JOHANNESBURG (Reuters) – South Africa’s rand kept tumbling on Friday, sliding to a new 12-week low after the World Health Organization declared the coronavirus a global emergency, compounding local economic issues faced by the currency.
South African Rand coins are seen in this photo illustration taken on September 9, 2015. REUTERS/Mike Hutchings/File Photo
State firm Eskom, a major threat to growth and government’s balance sheet as it struggles to service its 450 billion rand debt, said on Friday nationwide blackouts would continue as it carried out long-delayed maintenance on its creaking fleet coal plants.
At 1500 GMT the rand was 1.31% weaker at 14.9580 per dollar, its worst level since Nov. 11, bringing losses for the week to nearly 4% – the worst amongst emerging market peers, which also suffered as investors dumped risk assets for safer bets.
BNP Paribas economist Jeffrey Schultz said that although concern about the coronavirus outbreak was the major factor driving the market, news that power cuts were continuing added further pressure.
“This has made markets quite nervous considering the already-weak growth outlook going into the February budget,” said Schultz.
Eskom resumed power cuts on Thursday evening and said on Friday it would keep throttling supply to the grid through the weekend, as it struggled to replace the emergency capacity it used this week.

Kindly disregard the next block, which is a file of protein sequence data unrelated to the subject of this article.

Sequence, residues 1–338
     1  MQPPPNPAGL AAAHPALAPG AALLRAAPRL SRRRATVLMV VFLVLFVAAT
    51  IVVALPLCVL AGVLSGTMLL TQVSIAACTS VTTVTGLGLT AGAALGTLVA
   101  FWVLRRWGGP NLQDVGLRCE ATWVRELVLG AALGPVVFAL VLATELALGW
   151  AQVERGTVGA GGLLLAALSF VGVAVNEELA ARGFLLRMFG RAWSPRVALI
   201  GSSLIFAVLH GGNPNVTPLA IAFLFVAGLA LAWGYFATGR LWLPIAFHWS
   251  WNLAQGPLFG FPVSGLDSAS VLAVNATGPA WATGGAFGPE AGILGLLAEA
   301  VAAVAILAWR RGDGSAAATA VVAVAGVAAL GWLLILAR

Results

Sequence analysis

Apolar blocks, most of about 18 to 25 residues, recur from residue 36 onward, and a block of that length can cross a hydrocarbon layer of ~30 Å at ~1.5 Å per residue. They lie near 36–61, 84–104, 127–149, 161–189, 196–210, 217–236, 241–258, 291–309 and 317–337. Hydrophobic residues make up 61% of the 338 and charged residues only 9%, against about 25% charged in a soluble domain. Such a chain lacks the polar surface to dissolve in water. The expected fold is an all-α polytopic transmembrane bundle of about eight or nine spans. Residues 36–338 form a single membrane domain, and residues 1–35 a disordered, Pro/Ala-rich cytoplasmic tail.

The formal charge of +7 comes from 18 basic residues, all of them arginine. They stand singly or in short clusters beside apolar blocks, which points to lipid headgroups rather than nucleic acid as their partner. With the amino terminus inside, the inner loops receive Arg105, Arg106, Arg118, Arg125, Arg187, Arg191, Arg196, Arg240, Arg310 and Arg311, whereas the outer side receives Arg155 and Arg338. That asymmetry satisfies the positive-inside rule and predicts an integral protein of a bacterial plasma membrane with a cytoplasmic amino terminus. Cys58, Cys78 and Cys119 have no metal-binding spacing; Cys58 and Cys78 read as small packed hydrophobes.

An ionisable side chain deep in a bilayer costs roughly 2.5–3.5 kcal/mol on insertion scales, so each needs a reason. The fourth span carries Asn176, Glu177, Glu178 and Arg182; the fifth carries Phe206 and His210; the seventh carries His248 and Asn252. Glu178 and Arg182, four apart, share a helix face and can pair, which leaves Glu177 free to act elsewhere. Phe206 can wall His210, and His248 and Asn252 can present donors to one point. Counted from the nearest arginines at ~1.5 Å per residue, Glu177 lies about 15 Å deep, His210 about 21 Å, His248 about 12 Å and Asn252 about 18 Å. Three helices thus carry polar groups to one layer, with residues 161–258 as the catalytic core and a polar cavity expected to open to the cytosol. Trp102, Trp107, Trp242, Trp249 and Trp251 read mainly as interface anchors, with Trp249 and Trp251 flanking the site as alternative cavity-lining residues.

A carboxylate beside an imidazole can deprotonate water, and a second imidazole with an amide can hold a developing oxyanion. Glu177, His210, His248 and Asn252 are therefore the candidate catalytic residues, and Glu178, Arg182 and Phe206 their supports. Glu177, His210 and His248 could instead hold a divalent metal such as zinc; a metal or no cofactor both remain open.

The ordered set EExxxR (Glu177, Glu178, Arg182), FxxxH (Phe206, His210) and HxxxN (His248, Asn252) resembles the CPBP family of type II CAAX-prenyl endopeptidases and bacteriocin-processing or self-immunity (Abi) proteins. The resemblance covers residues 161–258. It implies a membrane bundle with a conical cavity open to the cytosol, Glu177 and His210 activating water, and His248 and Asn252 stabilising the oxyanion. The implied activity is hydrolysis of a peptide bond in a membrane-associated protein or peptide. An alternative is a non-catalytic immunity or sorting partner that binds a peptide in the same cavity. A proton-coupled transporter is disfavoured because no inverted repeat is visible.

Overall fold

Bonds bucked the trend, with yields falling on the benchmark bonds. The yield on the 2030 fell 2.5 basis points to 8.98%.
Analysts said the country’s shorter-dated debt remained under pressure and demand for longer-dated issue was also coming under pressure, reflecting the high real return, around 5%, but growing investor concerns about the economy.
“The curve is pretty steep right now. Government rolling over debt to the belly of the curve. But demand at the vanilla auction on Tuesday was really weak. That reflects how cautious or apprehensive investors are to take on our debt despite the attractive yields,” said Kieran Siney of ETM Analytics.
“The demand won’t last forever. If the finance minister doesn’t implement the necessary reforms out fiscal degradation is just going to accelerate.”
Stocks closed lower, with the Johannesburg Stock Exchange’s Top-40 index falling 0.95% to 50,072 points, and the broader all-share index dropping 0.9% to 56,079 points.
Gold companies made up the majority of the blue-chip stocks that gained on Friday, with Goldfields, Sibanye-Stillwater and AngloGold Ashanti rising 2.63%, 2.46% and 2.1%, respectively.
The biggest loser of the top-40 index was petrochemicals group Sasol, which fell 6.8% after it warned its first-half profits would be lower and cut its earnings outlook from its troubled chemicals project in the United States.
Reporting by Mfuneko Toyana and Emma Rumney, editing by Louise Heavens